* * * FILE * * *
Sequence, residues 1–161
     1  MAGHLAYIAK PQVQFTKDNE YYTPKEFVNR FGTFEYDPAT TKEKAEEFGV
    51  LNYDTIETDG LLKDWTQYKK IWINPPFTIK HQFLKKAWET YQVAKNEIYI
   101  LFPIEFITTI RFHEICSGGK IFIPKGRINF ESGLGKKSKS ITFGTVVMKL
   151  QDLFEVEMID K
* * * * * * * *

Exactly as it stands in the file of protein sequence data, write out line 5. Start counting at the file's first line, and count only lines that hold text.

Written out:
   151  QDLFEVEMID K